Only you can decide what you really want and need. You could rent a motorhome and take a 2 week trip and perhaps that will help you determine what size, slides, etc. would be best for you. A slide certainly opens up the living area. Diesel coaches certainly have their advantages but they are more expensive, generally, to maintain.

If you want to kick some tires at a very good dealership, I can certainly recommend Winnebago Motorhome Sales in Rockford, IL. Terry Graham and his family run a nice place there.

Good luck with your search and come back and let us know what you get.
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Old 02-15-2010, 12:54 PM   #5
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Hi Oldsarg, welcome to IRV forums a friendly place to ask your questions. First my condolences for your loss, but you are doing the right thing by going on. Second, I don't see any stupid questions, just what every one should ask before getting in too deep.
Most of your questions you will have to answer yourself but then again perhaps we can help with the decisions.
"Gas or Diesel" will depend on the size and weight of the coach you decide to purchase. The larger and heavier already have Diesel, 28 ft to 35ft could have either engine.
Diesel cost more to buy, maintenance cost is higher but it is more fuel efficient. In hilly country and over 28 ft long it most likely better on the hills. How large a coach and where do you plan to go is an important consideration to make your choice. Finally the diesel will most likely have a longer life span than a gas. That's just my opinion, I have a 24ft gas which is all we need at this time, other members here who own diesel rigs will fill in a lot of the Pro. reasons to own a diesel.
I can't help with the prices but it will be limited to what you can afford to spend leaving you enough to live while traveling.
Gas powered Rig, I would think size would be determined by how many persons and/or animals would be traveling. One or 2 persons could be comfortable in a small to large "C" class RV. At 30ft your choice gas or diesel.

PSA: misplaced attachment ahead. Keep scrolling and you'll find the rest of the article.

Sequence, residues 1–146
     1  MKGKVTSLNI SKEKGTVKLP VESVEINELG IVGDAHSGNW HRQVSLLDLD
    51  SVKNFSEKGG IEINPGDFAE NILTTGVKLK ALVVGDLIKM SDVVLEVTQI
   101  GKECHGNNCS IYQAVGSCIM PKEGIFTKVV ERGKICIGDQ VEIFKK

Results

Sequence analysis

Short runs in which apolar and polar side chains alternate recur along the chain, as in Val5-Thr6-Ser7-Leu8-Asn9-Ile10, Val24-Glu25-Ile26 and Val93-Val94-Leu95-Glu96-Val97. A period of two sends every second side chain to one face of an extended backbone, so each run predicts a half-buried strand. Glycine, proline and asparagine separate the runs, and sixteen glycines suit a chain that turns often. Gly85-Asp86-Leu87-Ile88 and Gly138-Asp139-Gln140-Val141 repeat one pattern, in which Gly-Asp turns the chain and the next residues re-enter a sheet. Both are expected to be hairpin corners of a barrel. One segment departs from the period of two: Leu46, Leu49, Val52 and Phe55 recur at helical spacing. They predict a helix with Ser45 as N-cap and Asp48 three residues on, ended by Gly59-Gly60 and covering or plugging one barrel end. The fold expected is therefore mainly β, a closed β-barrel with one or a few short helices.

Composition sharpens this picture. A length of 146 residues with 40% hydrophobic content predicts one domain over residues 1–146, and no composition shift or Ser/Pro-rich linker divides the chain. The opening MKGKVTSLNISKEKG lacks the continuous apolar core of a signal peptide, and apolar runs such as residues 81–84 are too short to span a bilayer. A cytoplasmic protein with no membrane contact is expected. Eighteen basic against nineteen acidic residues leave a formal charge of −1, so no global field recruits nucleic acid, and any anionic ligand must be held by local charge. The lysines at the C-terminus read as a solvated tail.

Slides well from the various troubles post on the net about them it sort of turns me off, I find I don't need then for what we do. Having said that, it has to be considered that compared to the large number or RV's out there with slides when compared to the number of problems reported on the net, the percentage of problems is likely to be quite small, and shouldn't be a deterrent when deciding on a purchase. There are few coaches (just small ones) that do not have slides, in fact not having slides may be a deterrent to a sale so if resale is to be considered then get the slides.
I am thinking of doing 6-8 months on the road each year but coming home for thanksgiving and Xmas, need to have a place for the kids to find me to get my presents (sure thats my story) If I really like it I may do full time but right now I just think I need a piece of dirt to call home.
You know, I believe you are going to find a lot of members who will agree with that. How many times I've had the same thoughts however DW has MS and it wouldn't be fair to her so it'll be the stick house in winter for us and trips during the spring, summer and fall.

Vanguard VXL2000
Ford V10 Super Duty